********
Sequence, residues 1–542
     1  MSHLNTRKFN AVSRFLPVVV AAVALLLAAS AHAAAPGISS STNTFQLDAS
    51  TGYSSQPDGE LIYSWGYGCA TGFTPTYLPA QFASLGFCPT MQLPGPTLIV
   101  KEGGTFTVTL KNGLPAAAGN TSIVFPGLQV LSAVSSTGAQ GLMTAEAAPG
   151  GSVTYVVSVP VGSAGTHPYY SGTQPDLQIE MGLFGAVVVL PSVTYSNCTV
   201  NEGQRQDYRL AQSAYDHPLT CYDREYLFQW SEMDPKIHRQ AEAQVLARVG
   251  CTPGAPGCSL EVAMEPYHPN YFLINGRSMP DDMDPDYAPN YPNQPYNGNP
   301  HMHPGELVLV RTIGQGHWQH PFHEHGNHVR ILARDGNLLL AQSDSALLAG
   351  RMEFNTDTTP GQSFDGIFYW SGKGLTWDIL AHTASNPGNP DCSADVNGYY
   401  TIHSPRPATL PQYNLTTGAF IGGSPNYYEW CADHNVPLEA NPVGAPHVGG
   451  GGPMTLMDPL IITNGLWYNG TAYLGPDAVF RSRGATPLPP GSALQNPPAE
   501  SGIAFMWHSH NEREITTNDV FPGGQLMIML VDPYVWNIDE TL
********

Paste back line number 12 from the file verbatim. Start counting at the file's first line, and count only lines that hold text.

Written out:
   501  SGIAFMWHSH NEREITTNDV FPGGQLMIML VDPYVWNIDE TL